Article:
With strength and gratitude, Kacey Nowaczyk, RN, cares for the youngest patients during the most difficult challenges of their families’ lives. Kacey has been a registered nurse, working in the Neonatal Intensive Care Unit (NICU), for over a year and strives to provide the best care for her patients. In this nurse story, she discusses her passion for nursing and her journey so far.
Why did you become a nurse?
I believe when you grow up in an environment where you experience others caring and helping those in need, or you experience an event that causes you to think ‘this is what I want to do, or I want to do that but better.’ I grew up in a healthcare family and had a passion to care for others. It all started with babysitting for families. From there I decided to complete a certified nursing assistant program where I got my certified nursing assistant (CNA) license and began practicing. It was then I knew nursing was what I was destined to do. I began furthering my education to become a registered nurse. I knew I wanted to help others and could provide the utmost best care possible, and that would be rewarding.
Tell us about your journey as a nurse – where did it start, what has it been like, what have you encountered along the way.
My journey has been very rewarding. I started out as a CNA where I worked in a skilled nursing facility. While going to school for my licensed practical nurse, I practiced as a CNA on a med-surg/oncology floor. I then graduated with my LPN where I started in a skilled nursing facility, then gained experience within an internal medicine physician’s office, assisted with a COVID-19 vaccine clinic and ended my LPN career doing home health and hospice care. I went back to school for my RN where I started in surgical ICU and now practice in a neonatal ICU, which is definitely my niche in nursing. My journey to become an RN has been long, but I wouldn’t change it for the world. I’ve gained so much diverse experience and have cared for so many great people along the way. The neonatal ICU is a nursery that provides around-the-clock care for sick or premature babies. These neonates are truly little fighting angels who came into the world too soon.
How would you explain working in the NICU to someone?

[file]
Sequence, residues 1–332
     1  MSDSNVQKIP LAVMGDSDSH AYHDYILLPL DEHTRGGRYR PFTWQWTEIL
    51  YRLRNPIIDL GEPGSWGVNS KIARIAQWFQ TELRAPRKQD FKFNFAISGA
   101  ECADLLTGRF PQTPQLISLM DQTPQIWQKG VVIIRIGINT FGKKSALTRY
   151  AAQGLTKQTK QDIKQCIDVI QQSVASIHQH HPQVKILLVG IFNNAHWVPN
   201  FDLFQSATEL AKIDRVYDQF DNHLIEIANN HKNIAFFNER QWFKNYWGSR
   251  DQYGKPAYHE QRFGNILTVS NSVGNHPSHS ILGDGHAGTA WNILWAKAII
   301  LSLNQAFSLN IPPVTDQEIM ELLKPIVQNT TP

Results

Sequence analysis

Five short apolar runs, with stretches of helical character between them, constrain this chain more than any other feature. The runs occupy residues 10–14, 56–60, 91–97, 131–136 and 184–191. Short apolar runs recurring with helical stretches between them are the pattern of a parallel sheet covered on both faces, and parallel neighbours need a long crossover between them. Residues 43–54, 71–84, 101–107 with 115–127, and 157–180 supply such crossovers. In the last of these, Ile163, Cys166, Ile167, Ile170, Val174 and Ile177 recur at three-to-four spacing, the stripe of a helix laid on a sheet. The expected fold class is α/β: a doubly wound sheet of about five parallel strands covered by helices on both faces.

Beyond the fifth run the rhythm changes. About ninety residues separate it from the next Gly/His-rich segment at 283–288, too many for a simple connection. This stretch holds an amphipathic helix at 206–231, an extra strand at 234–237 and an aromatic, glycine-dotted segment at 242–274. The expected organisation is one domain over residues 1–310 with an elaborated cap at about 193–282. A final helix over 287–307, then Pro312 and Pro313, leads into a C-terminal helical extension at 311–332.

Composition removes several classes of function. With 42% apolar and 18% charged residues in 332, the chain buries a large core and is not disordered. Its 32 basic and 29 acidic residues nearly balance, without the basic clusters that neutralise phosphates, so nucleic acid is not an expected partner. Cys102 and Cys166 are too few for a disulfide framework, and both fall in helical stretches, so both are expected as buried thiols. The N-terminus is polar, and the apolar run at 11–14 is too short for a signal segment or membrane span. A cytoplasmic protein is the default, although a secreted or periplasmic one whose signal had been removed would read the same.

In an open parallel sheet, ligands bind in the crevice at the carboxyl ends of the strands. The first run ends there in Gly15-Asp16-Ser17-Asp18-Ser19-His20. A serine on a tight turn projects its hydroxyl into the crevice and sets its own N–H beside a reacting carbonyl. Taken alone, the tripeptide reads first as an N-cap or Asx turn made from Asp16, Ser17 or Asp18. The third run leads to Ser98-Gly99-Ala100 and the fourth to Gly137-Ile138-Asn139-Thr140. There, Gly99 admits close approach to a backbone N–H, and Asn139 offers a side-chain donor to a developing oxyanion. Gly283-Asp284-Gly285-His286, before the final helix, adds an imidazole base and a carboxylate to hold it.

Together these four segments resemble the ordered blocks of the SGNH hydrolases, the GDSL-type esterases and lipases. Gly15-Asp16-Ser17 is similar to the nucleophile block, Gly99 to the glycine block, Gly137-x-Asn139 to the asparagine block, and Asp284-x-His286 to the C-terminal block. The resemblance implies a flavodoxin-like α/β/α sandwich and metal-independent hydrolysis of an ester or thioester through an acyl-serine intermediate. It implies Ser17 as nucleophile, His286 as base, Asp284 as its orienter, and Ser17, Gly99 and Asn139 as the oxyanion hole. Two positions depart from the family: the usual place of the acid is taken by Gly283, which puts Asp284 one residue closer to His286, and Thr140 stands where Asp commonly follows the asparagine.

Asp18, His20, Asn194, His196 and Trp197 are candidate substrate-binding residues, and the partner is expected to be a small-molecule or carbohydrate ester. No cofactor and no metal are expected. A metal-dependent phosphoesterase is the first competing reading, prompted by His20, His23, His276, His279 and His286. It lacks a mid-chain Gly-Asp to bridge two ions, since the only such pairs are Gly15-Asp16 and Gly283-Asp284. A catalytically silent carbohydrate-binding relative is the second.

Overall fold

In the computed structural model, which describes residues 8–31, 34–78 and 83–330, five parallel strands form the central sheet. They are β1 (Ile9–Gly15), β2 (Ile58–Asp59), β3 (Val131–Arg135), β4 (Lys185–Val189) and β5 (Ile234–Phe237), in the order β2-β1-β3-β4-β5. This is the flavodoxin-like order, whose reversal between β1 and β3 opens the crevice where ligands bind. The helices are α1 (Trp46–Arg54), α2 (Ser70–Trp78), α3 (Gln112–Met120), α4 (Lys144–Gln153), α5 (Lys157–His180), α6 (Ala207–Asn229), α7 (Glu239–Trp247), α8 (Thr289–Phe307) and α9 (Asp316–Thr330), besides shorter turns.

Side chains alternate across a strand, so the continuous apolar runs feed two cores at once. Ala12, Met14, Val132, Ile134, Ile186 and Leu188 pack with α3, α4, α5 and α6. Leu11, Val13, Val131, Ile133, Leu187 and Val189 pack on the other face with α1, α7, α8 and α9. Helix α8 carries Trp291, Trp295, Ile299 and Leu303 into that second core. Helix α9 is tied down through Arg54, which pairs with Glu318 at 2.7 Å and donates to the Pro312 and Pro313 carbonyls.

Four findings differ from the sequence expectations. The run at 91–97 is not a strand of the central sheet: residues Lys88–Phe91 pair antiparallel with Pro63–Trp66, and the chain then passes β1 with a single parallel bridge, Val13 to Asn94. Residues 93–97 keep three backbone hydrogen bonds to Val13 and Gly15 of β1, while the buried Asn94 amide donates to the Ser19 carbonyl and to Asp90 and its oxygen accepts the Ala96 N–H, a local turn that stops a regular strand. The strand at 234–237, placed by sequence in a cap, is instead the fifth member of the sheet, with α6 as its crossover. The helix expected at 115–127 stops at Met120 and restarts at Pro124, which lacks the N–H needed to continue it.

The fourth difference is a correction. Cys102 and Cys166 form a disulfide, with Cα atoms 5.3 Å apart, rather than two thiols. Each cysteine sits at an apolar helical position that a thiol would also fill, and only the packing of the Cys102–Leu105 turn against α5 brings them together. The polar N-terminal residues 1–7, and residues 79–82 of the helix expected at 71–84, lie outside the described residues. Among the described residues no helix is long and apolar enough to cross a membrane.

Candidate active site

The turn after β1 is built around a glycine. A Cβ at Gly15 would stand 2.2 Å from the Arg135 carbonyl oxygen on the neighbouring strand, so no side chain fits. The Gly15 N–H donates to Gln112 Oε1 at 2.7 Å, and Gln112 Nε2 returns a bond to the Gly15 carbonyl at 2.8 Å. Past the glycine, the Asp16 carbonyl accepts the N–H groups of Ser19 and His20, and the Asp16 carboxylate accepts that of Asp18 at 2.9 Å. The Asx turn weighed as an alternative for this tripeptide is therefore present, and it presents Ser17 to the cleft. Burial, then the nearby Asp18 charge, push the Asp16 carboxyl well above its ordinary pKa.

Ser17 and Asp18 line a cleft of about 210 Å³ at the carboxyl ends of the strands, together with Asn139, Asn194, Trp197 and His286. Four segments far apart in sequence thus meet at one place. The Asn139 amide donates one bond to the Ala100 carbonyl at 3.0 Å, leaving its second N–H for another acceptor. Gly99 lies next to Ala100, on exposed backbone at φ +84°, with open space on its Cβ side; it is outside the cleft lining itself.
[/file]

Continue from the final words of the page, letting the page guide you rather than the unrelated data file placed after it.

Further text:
They are so strong and tough and continue to amaze me every day with the little milestones they meet. They definitely keep you on your toes as things can turn around quickly, and you have to be ready for whatever they throw your way. You have to show up to work every day ready for the unknown.
When did you realize you had a passion for nursing?
I always knew nursing was for me, but it wasn’t until I started in the neonatal ICU that I finally felt like I belonged and was where I was supposed to be. The NICU is a huge blessing to be able to care for such small innocent humans fighting for their lives. To be able to be a part of their journey, watch them meet their milestones, grow and go home is so rewarding. It’s such a blessing to be able to make an impact on infants and their families. The NICU is definitely my calling.
What is the best patient experience you’ve ever had, and what did it teach you?
I’ve cared for many patients through my career, but the best experience is simply the act of patients/families being so grateful for my work. That’s when you know you’ve made an impact when they verbalize how much they appreciate you. It’s rewarding knowing you’ve helped someone and have done everything you could possibly do for them.
What are you most thankful for in your journey of becoming the nurse you are today?
I’m most thankful for my journey and the experience I’ve gained along the way. I’ve cared for so many different populations and worked in multiple different roles. You learn to appreciate every role someone may have in a patient's care. Every role is so important in its own way. Whether it’s housekeeping, CNA, nurse, doctor, PT/OT, radiology, transporters, etc., we really couldn’t do it without the whole team.
You work with patients who are often too young to properly express how and what they are feeling. How do you work with families to best support and care for your patients?
Communication is key to the care of patients who cannot speak for themselves. Effective communication with families, listening and advocating for your patients is so important in providing safe and effective care for these little ones.
In the NICU, what does family support look like and how important is it to the overall care of your patients?
No one wishes to have their baby stay longer in the hospital than they do. Everyone expects to go home with their baby. Many parents feel like it’s their fault, that there’s a lack of bonding with their newborn, that they are a failure with breastfeeding/pumping, and I’m sure it is so difficult to cope with. Supporting the parents and getting them involved in any way possible can feel like such a big thing to them. Letting them provide oral care with their breast milk, skin to skin when possible, changing the diaper, or tips on how to produce milk while their infant is in the hospital can make a world of a difference. Keeping in touch and providing effective communication is key to supporting these parents.
What are you grateful for, as it relates to being a NICU nurse?
I’m most grateful for the opportunity to care for these little babies. They didn’t choose to come into this world so soon, but you can definitely make a difference assisting with their transition to the world. Success stories are so rewarding when taking part in their care.
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